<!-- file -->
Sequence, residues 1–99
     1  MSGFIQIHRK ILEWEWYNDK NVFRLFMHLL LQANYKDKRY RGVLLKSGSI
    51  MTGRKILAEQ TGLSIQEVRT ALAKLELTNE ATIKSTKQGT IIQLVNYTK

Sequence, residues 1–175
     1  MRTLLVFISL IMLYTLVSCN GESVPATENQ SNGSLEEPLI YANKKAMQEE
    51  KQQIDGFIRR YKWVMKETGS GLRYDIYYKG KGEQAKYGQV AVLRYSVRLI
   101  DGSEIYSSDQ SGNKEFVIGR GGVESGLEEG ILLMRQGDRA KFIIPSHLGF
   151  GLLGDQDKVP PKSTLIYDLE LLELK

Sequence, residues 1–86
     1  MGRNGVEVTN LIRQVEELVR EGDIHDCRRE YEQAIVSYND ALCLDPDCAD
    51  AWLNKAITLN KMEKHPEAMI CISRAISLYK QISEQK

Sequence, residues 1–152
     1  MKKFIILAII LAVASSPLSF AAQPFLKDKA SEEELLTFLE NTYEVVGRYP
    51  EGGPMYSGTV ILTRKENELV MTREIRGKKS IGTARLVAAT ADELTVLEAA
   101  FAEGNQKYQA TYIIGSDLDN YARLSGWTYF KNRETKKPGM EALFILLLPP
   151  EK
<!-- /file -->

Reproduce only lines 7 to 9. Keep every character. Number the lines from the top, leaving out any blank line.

   101  DGSEIYSSDQ SGNKEFVIGR GGVESGLEEG ILLMRQGDRA KFIIPSHLGF
   151  GLLGDQDKVP PKSTLIYDLE LLELK

Sequence, residues 1–86